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New story of ‘The Unfortunates’ told at Salesianum School in Diocese of Wilmington — Photo gallery

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Caroline Manley (Roxy), Wyatt Enslen (Preacher), Kiley Williams (Foxy), Paul Brecht (Big Joe), Robert Gruszka (Handsome Carl), and Lauren Perry (Koko) perform during Salesianum’s presentation of The Unfortunates, Friday, March 4, 2022. Photo/Don Blake

WILMINGTON — Salesianum School Theater has produced a lot of plays over the years, but never has the company had an opportunity like it is getting this month. SST is the first theater company at any level in the world to present an amateur version of “The Unfortunates,” a dark comedy and musical about “the pains of loss, the search for salvation and our ability to love in times of adversity.”

That’s how the play is described by Uproar Theatrics, the firm that owns the licensing rights to the play. Salesianum’s remote connection to “The Unfortunates” played a key role in the school ending up in its current position.

Salesianum’s arts director Aaron Bogad saw the play when it premiered at the Oregon Shakespeare Festival a decade ago. He was in graduate school in Oregon at the time. When he saw it, he was hooked.

“Immediately, it went straight to the center of my brain, straight to the center of my heart,” he said.

The play was staged professionally in San Francisco, and also at a high school in the Bay Area as the writers tried to develop it further. They have spent nearly a decade refining the piece. Bogad knew he wanted to present it at Salesianum.

“We are the first people at all to do this new version that has been in the works for 10 years,” he said the day before its premiere on March 4.

The central character of “The Unfortunates” is Big Joe, who, compelled by the glory of the soldiers he saw returning home, volunteers to go fight in a war that he really doesn’t understand, Bogad said. He and two friends sign up and fly behind enemy lines, where they crash. His friends are summarily executed, and Big Joe is next.

“And in the moment of pleading for his life, he gets pistol-whipped, and that sends him into this hallucination nightmare, see-stars concussion moment that the rest of the show is,” Bogad said.

The bulk of the play takes place in Big joe’s mind as he reflects on his life. The set is his world. There are empty spaces on each side of the stage that are trenches, but they are filled with items that have meaning in his life. All of these items and ideas are fighting for his attention, Bogad said.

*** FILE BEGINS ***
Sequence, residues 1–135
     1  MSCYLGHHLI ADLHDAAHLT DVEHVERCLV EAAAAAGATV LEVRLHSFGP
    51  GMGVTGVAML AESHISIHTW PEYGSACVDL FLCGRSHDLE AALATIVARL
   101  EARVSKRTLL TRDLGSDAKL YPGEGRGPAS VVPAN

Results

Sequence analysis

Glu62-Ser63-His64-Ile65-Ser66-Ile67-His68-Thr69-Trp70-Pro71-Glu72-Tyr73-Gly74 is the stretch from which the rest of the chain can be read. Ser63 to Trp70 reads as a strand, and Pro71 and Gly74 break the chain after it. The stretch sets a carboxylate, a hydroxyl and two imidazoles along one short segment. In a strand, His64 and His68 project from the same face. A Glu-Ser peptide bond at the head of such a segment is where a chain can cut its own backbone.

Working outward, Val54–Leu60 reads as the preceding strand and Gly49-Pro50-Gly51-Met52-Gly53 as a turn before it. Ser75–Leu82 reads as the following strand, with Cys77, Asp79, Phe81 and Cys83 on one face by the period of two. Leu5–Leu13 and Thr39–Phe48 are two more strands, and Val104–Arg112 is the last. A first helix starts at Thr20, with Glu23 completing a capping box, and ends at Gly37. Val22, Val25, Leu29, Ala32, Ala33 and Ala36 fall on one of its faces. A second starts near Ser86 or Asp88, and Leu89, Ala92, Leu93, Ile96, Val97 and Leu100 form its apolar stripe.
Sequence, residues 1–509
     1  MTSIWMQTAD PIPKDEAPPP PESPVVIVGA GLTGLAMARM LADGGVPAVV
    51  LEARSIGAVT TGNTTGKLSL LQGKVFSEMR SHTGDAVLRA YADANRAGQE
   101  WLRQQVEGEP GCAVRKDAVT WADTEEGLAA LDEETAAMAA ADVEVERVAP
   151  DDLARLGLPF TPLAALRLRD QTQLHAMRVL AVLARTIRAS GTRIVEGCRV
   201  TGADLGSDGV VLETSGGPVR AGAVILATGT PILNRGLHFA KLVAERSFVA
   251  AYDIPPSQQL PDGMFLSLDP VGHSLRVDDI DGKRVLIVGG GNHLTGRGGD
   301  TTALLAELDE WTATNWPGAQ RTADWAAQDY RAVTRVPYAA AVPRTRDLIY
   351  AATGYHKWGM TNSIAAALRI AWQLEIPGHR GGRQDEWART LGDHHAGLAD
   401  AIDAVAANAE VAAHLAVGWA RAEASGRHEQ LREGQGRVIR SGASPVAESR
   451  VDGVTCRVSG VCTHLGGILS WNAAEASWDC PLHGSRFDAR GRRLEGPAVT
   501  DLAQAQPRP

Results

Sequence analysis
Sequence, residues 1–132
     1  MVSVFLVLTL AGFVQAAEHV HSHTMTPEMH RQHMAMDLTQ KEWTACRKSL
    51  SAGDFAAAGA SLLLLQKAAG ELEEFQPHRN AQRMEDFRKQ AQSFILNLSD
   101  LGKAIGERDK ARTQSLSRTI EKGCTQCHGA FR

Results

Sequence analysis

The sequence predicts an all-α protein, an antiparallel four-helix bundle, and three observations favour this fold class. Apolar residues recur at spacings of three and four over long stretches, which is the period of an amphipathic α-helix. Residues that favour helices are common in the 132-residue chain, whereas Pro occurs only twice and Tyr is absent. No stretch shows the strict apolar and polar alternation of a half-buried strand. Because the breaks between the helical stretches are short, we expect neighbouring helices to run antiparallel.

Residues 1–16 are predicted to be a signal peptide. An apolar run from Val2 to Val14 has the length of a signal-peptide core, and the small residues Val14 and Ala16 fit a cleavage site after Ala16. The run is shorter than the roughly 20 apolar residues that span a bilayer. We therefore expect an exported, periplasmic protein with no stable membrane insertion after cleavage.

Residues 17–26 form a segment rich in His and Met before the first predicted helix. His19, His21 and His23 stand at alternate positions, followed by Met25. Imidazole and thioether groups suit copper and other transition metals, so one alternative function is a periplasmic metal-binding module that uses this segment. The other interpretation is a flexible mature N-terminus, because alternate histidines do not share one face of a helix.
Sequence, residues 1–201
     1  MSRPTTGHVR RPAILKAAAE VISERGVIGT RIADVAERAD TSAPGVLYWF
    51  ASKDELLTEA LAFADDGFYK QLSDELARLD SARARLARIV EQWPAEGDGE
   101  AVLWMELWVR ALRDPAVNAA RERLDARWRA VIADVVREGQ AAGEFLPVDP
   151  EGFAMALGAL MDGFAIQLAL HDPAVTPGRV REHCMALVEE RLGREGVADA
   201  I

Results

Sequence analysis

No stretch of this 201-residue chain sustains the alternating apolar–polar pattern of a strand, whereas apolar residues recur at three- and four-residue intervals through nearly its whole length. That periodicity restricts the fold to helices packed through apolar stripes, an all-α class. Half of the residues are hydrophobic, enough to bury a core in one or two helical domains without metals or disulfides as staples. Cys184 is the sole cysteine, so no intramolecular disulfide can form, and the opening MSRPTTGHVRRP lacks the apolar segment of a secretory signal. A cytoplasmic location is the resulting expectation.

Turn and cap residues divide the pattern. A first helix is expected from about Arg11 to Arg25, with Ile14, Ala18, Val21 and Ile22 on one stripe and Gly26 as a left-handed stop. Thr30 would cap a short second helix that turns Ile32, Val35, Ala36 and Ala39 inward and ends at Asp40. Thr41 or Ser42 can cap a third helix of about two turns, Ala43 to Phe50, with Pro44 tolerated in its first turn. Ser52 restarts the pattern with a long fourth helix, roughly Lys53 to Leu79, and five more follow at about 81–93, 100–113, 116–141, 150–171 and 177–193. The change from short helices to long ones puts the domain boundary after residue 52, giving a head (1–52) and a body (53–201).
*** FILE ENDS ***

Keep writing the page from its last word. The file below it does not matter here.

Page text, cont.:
The trenches contain toys he played with as a child, the music he listened to, foods he liked, and “everything that made him who he was until the moment he crashed, that he has to reflect on, and figure out how to let go of in order to face his own mortality.”

One of the unique things about the Salesianum presentation of “The Unfortunates” is that the students selected some of the costumes they are wearing. An audience member may never understand why one character is wearing parts from a board game, or why one is an old-time popcorn salesman hanging out with a headbanger. The attendees will feel the energy, however, Bogad said, through the acting and the music, which includes several genres.

Salesianum senior Paul Brecht portrays Big Joe. Bogad said this is the first show he’s ever done. The cast of 24 includes students from Salesianum, Padua and Ursuline. The band has six people in it, and there is a crew of 10. Another eight or nine students are part of the endeavor.

Bogad, who is in his seventh year at Salesianum, has been involved in arts education for about 15 years. He said he has done the classics, “and they’re classics for a reason. But the content that I always choose is way more about, ‘What does the community need to work on? What’s the kind of work that they need to do for them?’”

When selecting a show, he tries to figure out how the arts can be of service, healing and moving people forward. Sometimes, that calls for the traditional favorites, he said.

“The Unfortunates” also fits in with the theme the Salesianum student council selected for the year, “Rise Up.”

“The theme that the student council has devised every year has always worked with the shows,” he said. “How do we as a community rise up? How do we face that scary stuff that we’ve been facing for two years? How do we face a new kind of thing, the looming war in Europe? This worked.”

The show is only 85 minutes long, so to help fill the evening, Bogad lined up a different band to play before each of the six shows. Three were held the weekend of March 4-6, and the other three are March 11-13. The music included blues, punk and jazz. One is a group of students that emanated from the Salesianum jazz band. Another is fronted by a Sallies faculty member.

In order to keep the rights fee lower, Salesianum School Theater agreed to keep attendance limited to 300 per performance, although Bogad said there is some flexibility in that. Tickets are $10, with $5 seats available for students, seniors and veterans. They are available at our.show/unfortunates. The show includes haze and fog effects, along with strobe lights.

Bogad has been in constant communication with the team that created “The Unfortunates,” which includes Jon Beavers, Casey Hurt, Ian Merrigan and Ramiz Monsef. Pulitzer Prize finalist Kristoffer Diaz added material to the play. Bogad did not expect any of them to be in the audience in Wilmington, but the play is being recorded so they can see its evolution and adaptation. The recording will not be distributed publicly.

“The Unfortunates” is the latest SST production, which never stopped despite the pandemic. It is also the first where attendees and performers can choose whether to wear a mask or not. Over the past two years, Salesianum has done its plays virtually, recorded with no audience, outside, and with limited attendance in the school.